How This Black-Owned Key West Candy Company Is Honoring The Past

The Key West, Florida that we see and hear about today, is one filled with wealthy people who move to the island after retirement. 

You may not know Key West, Florida once had a thriving Black community called Bahama Village. It was made up of Bahamian as well as Afro-Cuban descendants.

Lynne Casamayor, a native of the area, is now honoring the legacy of Black candy makers through her company, Candy Girls Key West, while also giving back to local youth.

The program provides scholarships for youth in grades 7-10. A part of Casamyor’s role includes actively seeking out students, specifically girls, from the area that look like her.

While it initially took some trial and error to find something that interested the girls, Casamayor soon learned that traditional candy making was a keeper.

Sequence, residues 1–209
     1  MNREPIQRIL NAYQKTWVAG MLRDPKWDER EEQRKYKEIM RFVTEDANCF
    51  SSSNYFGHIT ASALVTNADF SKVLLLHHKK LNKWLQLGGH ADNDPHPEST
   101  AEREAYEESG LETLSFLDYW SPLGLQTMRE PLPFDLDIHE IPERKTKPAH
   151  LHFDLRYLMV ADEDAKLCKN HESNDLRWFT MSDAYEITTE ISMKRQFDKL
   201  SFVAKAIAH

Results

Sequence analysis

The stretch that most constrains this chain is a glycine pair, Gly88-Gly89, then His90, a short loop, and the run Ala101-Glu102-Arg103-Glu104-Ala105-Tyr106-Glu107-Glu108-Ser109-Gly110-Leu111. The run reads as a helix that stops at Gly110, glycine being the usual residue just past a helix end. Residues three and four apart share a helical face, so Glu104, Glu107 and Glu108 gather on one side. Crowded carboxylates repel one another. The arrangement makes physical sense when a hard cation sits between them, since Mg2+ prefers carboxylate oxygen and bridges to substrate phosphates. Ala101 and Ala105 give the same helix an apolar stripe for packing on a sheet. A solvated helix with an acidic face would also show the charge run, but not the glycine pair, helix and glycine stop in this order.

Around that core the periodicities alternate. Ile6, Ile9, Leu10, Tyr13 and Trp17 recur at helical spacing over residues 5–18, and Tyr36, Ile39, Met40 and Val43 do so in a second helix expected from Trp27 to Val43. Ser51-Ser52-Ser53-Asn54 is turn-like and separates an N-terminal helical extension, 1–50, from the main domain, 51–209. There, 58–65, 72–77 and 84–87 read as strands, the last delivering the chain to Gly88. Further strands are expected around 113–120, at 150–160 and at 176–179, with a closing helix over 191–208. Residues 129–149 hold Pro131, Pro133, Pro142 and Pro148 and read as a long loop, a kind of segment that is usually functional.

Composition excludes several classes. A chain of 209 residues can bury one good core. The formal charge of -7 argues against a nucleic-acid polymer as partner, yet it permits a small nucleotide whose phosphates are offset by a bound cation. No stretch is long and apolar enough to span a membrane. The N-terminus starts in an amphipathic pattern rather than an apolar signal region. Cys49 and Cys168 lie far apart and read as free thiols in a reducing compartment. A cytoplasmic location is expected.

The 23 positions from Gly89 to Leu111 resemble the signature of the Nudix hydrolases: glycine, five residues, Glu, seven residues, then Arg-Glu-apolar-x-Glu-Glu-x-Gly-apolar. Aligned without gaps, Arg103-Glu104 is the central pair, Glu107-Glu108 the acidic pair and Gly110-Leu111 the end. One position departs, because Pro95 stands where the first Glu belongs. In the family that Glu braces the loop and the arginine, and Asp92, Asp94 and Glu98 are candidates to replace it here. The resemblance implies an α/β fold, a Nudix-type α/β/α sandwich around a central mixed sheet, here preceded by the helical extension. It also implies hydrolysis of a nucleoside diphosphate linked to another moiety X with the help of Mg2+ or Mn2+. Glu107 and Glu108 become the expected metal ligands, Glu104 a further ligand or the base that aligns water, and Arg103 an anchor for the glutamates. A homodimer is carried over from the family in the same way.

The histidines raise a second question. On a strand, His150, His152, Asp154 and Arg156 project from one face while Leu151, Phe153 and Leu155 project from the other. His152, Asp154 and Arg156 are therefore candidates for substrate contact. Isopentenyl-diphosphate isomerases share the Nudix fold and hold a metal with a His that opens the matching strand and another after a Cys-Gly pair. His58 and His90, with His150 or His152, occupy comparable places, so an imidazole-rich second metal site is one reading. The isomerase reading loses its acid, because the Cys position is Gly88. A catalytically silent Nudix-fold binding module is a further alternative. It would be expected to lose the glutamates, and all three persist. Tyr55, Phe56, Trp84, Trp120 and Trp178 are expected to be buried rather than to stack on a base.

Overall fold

Casamayor also recalls the delicious fudge her great-grandmother, Ma Vera, who was known for her delicious walnut fudge. 

To keep the tradition alive and to allow more people to experience a taste of homemade pulled peppermint, glass candy, and Ma Vera’s fudge, Casamayor officially launched Candy Girls Key West.

What makes Candy Girls Key West so significant, is that the girls from the program are right there with her making the candy. 

Casamayor also launched a scholarship program to help the girls out even more, as they move on to college.

The goal is to one day have a storefront, but for now, the candies can be shipped nationwide. Best sellers include the pulled peppermint, strawberry glass candy, and walnut fudge.

If you happen to be in Key West and want to purchase, Candy Girls Key West can typically turn your order around the same day.

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Candy Girls Key West